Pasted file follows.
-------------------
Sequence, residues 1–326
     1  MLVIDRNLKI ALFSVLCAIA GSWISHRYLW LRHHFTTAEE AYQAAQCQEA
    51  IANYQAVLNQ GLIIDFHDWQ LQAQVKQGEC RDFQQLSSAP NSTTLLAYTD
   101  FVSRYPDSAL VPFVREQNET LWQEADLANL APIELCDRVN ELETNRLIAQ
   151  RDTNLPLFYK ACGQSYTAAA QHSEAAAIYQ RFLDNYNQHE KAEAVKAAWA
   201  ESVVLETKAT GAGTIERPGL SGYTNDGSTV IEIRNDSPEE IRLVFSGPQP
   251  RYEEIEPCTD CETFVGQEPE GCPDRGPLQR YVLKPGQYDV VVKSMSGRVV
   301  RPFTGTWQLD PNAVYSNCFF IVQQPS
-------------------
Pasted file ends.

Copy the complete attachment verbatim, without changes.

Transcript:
Sequence, residues 1–326
     1  MLVIDRNLKI ALFSVLCAIA GSWISHRYLW LRHHFTTAEE AYQAAQCQEA
    51  IANYQAVLNQ GLIIDFHDWQ LQAQVKQGEC RDFQQLSSAP NSTTLLAYTD
   101  FVSRYPDSAL VPFVREQNET LWQEADLANL APIELCDRVN ELETNRLIAQ
   151  RDTNLPLFYK ACGQSYTAAA QHSEAAAIYQ RFLDNYNQHE KAEAVKAAWA
   201  ESVVLETKAT GAGTIERPGL SGYTNDGSTV IEIRNDSPEE IRLVFSGPQP
   251  RYEEIEPCTD CETFVGQEPE GCPDRGPLQR YVLKPGQYDV VVKSMSGRVV
   301  RPFTGTWQLD PNAVYSNCFF IVQQPS